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Placenta-Derived Cells Give Short-term Boost to Tendon Repair

From journal articles to nightly news segments, it’s hard to avoid the barrage of information related to the use of cell-based therapies for musculoskeletal problems. While these approaches may turn out to be enthusiasm outpacing science (see related OrthoBuzz post, “Stemming the Tide of Stem Cell Hype”), one reason for the excitement is rooted in a very simple fact: it is really hard to get many soft tissues to heal, especially in certain patient populations. Moreover, failure of initial repair usually leads to even more biologically inhospitable repair environments. This clinical challenge has led to the zealous investigation of various cell-based compounds to see which ones might assist native soft-tissue cells with the formidable task of quick healing.

In the July 3, 2019 issue of The Journal, Ma et al. investigate the potential for human placenta-derived cells to augment the healing of chemically induced patellar tendon ruptures in rats. The injected placental cells introduced a transitory inflammatory response that led to increased load to failure at the 2-week mark, compared to biomechanical results in control rat tendons injected with saline solution. However, the addition of placenta-derived cells did not increase tendon load to failure beyond 2 weeks, and at no time point were differences seen between the control and experimental groups in tendon strength, stiffness, collagen organization, or cellularity.

While the positive results of this study were short-lived, they are important nonetheless. The animal model used is well thought-out and reproducible, allowing an easy path for future investigators to compare and contrast these results. Placenta-derived cell populations are widely available, and the authors clearly explained how the cells were processed, preserved, and delivered. With the increasing incidence of acute and chronic tendon injuries, and with the results of studies using other cell types being equivocal at best, these findings from Ma et al. are noteworthy.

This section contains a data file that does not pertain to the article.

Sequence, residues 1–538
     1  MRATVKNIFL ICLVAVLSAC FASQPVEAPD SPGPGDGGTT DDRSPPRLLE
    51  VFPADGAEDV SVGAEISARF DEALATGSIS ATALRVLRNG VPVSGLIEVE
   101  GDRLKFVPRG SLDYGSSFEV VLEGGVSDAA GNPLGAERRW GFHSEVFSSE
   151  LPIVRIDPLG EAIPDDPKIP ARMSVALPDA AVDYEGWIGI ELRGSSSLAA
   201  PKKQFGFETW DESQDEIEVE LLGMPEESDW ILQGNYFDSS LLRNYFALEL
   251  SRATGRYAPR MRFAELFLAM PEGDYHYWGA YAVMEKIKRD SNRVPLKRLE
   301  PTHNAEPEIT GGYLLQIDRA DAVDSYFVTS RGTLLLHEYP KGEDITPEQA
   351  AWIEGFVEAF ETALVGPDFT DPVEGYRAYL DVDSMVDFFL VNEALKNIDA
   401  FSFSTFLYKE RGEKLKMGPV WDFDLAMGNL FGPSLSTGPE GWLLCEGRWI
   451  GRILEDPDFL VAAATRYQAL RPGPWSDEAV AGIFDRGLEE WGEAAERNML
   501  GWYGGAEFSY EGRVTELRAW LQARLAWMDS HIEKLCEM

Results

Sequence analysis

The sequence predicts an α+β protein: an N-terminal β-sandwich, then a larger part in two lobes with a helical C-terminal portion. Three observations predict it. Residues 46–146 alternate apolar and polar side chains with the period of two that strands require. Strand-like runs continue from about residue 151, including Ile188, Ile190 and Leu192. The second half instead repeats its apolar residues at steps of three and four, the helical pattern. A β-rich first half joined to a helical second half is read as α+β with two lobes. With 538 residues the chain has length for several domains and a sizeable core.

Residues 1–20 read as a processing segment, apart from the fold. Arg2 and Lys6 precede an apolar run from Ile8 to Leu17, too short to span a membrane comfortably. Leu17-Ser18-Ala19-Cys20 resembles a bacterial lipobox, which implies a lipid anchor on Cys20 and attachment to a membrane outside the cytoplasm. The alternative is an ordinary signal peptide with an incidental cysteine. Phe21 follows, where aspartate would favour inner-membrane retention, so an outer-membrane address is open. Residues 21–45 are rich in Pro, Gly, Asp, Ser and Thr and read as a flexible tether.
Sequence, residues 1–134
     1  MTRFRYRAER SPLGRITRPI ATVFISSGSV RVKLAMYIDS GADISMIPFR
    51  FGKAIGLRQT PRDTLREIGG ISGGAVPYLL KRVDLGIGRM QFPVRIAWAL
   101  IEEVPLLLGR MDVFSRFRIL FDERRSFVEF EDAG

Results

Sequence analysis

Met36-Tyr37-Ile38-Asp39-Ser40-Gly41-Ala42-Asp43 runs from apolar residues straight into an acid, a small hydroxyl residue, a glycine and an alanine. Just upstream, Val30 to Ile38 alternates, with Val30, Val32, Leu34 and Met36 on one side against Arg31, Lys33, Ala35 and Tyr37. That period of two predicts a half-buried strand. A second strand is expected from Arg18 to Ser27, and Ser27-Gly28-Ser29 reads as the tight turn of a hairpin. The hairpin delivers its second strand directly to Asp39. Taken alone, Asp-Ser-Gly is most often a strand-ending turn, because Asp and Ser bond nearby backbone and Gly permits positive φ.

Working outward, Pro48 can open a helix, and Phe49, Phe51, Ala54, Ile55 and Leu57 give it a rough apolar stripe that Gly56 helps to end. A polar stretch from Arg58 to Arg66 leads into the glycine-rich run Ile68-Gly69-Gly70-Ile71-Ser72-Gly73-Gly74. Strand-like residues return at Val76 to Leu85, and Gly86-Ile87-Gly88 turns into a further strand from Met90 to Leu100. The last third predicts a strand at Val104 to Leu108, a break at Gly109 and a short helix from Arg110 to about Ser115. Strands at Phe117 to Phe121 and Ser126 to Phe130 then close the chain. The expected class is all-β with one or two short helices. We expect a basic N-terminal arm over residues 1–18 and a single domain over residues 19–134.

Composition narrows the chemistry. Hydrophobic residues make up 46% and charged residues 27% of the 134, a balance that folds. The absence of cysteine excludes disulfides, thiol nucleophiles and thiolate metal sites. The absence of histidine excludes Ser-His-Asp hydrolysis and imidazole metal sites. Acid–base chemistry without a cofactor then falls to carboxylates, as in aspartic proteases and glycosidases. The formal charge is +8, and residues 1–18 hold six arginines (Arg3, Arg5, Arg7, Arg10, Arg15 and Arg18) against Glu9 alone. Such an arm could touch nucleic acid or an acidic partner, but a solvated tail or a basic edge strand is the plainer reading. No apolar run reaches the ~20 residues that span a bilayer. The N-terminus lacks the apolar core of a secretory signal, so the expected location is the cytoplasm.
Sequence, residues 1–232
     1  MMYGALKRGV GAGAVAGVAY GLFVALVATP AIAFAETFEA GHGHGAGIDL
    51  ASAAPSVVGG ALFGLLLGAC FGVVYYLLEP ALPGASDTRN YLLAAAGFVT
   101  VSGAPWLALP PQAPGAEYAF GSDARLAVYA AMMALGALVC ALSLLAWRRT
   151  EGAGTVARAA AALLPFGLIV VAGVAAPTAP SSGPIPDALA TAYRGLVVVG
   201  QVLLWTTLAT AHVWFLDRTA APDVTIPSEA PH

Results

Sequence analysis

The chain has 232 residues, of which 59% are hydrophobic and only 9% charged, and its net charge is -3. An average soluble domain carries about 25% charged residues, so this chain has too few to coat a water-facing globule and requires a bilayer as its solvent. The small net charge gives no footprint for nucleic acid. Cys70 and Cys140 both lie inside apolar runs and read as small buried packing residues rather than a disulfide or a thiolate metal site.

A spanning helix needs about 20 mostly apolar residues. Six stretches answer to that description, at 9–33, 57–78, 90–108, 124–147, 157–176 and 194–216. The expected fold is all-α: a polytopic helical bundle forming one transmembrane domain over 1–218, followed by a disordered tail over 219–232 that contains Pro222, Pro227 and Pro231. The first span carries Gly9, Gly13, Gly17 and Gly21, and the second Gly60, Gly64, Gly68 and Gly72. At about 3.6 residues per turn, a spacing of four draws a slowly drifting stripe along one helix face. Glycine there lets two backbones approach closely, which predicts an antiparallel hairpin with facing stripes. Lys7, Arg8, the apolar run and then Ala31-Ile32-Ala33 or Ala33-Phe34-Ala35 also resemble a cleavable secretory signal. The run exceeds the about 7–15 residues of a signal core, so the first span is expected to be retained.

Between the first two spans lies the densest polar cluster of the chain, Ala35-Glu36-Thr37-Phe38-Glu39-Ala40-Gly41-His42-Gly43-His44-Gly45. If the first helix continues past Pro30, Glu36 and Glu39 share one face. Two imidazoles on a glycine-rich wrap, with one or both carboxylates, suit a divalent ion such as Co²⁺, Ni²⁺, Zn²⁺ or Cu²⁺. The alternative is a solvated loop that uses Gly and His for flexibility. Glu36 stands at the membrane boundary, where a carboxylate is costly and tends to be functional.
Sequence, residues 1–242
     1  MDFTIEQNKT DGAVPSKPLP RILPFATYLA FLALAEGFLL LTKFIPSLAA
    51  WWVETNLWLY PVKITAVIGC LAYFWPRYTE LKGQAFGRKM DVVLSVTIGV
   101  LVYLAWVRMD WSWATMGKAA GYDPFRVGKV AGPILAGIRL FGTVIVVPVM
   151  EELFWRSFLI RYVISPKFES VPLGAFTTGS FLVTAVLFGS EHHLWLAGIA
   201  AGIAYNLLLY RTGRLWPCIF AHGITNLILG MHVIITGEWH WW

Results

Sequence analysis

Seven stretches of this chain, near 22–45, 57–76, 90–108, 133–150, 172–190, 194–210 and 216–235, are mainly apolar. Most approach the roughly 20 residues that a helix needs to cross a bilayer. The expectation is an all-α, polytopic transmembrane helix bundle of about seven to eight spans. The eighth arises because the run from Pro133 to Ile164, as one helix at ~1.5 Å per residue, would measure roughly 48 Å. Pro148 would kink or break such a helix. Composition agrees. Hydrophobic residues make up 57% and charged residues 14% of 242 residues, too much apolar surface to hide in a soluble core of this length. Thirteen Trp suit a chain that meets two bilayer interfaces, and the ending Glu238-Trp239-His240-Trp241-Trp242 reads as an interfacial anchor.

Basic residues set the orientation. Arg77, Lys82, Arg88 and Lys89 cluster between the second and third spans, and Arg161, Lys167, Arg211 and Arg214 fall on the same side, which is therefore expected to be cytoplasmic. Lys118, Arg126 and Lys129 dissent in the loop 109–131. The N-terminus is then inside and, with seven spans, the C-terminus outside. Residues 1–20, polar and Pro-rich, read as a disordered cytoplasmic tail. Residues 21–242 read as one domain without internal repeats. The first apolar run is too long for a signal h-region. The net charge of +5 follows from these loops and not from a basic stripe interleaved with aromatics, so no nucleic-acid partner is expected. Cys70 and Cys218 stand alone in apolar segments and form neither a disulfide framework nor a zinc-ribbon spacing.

Marc Swiontkowski, MD
JBJS Editor-in-Chief

Stemming the Tide of Stem Cell Hype

Stem Cells for OBuzzThis post comes from Fred Nelson, MD, an orthopaedic surgeon in the Department of Orthopedics at Henry Ford Hospital and a clinical associate professor at Wayne State Medical School. Some of Dr. Nelson’s tips go out weekly to more than 3,000 members of the Orthopaedic Research Society (ORS), and all are distributed to more than 30 orthopaedic residency programs. Those not sent to the ORS are periodically reposted in OrthoBuzz with the permission of Dr. Nelson.

Despite the absence of research-based guidance, the use of stem cell therapies in musculoskeletal medicine has gained popularity and stimulated patient interest. Consequently, an international consensus was  recently established to develop strategies to improve standardization and transparency when describing cell therapies, and to develop a consensus on the contents of a standardized tool for describing cell therapies.1 The tool, dubbed DOSES, was an outgrowth of a call for improvement in communicating about cell-based therapies made during the American Academy of Orthopaedic Surgeons/National Institutes of Health Optimizing Clinical Use of Biologics Symposium in 2018.